The remnants of an industrial past add a fascinating extra dimension to England’s westernmost county, worthy of its status as a UNESCO World Heritage Site.
The chimneys of engine houses above abandoned mines have become iconic symbols of Cornwall, one of England’s leading tourist destinations. Often in spectacular coastal settings they represent a distant, almost forgotten era; but elevation to World Heritage status by UNESCO in 2006 has re-established the mining landscape as one of the county’s unique assets.
Cornwall’s Mining Heritage
Cornwall has been a source of tin since pre-historic times. From washing tin ore from bogs and river valleys to tunneling hundreds of meters underground in search of copper, a series of technological advances led to a frenzy of exploration, speculation, boom, an explosion of unruly shanty towns, and eventually a bust towards the end of the nineteenth century when thousands of miners left for newly developed mines all over the world. They created the modern Cornish diaspora, and left behind a landscape rich in industrial heritage.
Ten World Heritage Site Areas
The World Heritage Site includes ten separate mining areas, from the Tamar Valley in the east to St Just 60 miles away at the western tip of the county. All ten areas are well worth visiting, and part of the fascination of the overall site is that each area offers a different aspect of the mining heritage, with different opportunities for access and exploration.
The wide, wooded valley of the meandering River Tamar is scenically beautiful and accessible by riverboat as well as by the Tamar Valley railway from Plymouth to Calstock and Gunnislake, one of the country’s most scenic branch lines. Aside from plenty of walking trails, Morwellham Quay is the best-known heritage centre on the Tamar. A museum and visitor centre, upgraded in 2008, explains the historic river port and the workings of what was once the most productive copper mine in Europe.
A few miles westward the Kit Hill and Caradon mining area encompasses the remains of 59 old mines, together with fragments of railways that used to carry minerals down to the sea at the port of Looe.
The Luxulyan Valley is a narrow, winding, steep-sided and beautifully wooded area that is a testament to the business and engineering genius of one man, Joseph Treffry. He built a rail link from Par through Luxulyan to the north coast at Newquay, still functioning as the Atlantic Coast branch line. A local group of enthusiasts maintains a network of trails, water courses and the remnants of water wheels and Treffry’s massive viaduct-cum-aqueduct that still dominates the valley.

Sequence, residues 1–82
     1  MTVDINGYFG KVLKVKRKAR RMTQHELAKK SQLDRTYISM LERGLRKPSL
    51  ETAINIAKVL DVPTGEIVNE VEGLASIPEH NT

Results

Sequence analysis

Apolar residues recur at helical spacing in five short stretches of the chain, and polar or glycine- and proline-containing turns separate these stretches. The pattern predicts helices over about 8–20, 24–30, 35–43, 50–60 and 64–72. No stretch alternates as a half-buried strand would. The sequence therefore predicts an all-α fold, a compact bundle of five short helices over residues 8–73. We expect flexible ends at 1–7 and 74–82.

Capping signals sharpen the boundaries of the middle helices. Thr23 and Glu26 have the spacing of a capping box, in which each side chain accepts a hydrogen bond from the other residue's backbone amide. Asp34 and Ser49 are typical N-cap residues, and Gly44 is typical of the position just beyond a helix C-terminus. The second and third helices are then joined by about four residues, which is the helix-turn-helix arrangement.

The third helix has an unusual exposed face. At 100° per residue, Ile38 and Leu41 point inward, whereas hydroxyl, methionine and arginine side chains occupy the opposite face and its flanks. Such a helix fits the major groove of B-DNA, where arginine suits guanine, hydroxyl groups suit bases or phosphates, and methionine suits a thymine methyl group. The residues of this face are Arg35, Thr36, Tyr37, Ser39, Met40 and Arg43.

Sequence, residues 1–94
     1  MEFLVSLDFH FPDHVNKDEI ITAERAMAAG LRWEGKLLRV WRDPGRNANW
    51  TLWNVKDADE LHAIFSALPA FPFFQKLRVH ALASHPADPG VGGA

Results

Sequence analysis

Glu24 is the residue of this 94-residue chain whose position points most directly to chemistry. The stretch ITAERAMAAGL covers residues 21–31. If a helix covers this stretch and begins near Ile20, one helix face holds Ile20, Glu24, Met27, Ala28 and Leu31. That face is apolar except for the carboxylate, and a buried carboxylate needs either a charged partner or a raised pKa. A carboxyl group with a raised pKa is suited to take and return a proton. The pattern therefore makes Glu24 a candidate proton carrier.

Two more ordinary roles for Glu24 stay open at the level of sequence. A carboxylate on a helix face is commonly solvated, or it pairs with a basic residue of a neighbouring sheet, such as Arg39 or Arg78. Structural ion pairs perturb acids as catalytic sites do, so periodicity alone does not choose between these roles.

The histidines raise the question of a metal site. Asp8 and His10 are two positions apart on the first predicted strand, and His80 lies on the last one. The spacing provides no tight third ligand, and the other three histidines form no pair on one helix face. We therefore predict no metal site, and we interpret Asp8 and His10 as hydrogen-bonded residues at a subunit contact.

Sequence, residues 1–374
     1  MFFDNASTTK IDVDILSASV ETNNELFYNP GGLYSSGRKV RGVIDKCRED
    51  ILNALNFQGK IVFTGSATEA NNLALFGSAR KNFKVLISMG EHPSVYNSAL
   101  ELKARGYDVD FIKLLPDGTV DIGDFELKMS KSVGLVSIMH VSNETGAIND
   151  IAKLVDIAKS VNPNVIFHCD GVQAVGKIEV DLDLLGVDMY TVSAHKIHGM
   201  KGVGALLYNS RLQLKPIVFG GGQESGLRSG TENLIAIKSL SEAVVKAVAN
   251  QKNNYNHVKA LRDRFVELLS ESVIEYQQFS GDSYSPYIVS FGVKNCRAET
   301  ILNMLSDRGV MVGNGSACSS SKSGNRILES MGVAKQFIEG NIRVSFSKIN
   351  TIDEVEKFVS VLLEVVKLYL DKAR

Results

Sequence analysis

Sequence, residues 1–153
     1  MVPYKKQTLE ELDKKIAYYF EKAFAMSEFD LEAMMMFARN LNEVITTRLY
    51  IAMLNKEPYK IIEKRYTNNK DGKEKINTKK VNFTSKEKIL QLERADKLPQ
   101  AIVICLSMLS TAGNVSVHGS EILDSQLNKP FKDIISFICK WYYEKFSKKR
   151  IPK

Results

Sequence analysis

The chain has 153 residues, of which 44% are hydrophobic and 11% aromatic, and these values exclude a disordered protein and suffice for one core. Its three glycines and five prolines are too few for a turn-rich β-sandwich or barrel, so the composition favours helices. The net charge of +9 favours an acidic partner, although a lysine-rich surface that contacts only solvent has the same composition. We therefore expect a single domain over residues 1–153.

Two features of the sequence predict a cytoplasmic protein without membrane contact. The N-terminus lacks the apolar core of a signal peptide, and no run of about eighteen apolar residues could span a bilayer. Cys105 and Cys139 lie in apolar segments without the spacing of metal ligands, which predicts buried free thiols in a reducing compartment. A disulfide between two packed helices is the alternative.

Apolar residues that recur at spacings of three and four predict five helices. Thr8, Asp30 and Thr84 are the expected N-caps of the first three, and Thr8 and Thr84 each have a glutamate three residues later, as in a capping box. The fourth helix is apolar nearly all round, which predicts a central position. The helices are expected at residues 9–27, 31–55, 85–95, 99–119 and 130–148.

Mines in West Cornwall
Further west, the Poldark mine near Helston is a well-established mining heritage centre where visitors can explore underground mine workings that date from the eighteenth century.
The King Edward Mine in the Camborne and Redruth Mining District is one of Cornwall’s oldest accessible mine sites. It has a museum and the remains of stone-built industrial buildings where some of the original machinery still works, together with an exhibition of the old mineral tramways that once criss-crossed this area.
Near St Agnes the Southwest Coast Path passes the engine houses of Wheal Coates, one of the best known of the county’s mines because of its dramatic setting on the cliffs above the Atlantic Ocean.
Of all the mining areas, many would point to St Just in the far west for the richest concentration of accessible heritage sites and truly world-class scenery. Shafts and tunnels from the Botallack mine extend hundreds of meters down from the cliff-side engine house and out under the sea. During his visit in 1850 Willkie Collins descended partway down the mine and wrote of the strange experience of hearing the surf crashing onto the rocks far above.
Mine Restoration and Regeneration
Now restored and maintained by the National Trust, Botallack is one of Cornwall’s best-known heritage centres. The National Trust also owns the nearby site of the Levant mine and Cornwall’s oldest remaining steam beam engine, restored to working condition in the 1990s.
A few miles away, Geevor is the largest of the restored mines. It was one of the last mines to close, in 1990, and survives as a museum with exhibitions, demonstrations and guided underground tours through the old mine workings.
Is there a future for Cornwall’s mines, beyond the tourist industry? Several businesses with their roots in mining survive, providing specialized equipment and consulting services to the global mining industry. And record metal prices have lured investors back. The South Crofty mine complex near Camborne intends to re-start profitable mining operations in 2009. Perhaps Cornwall’s 4,000-year run of exporting tin is not over yet.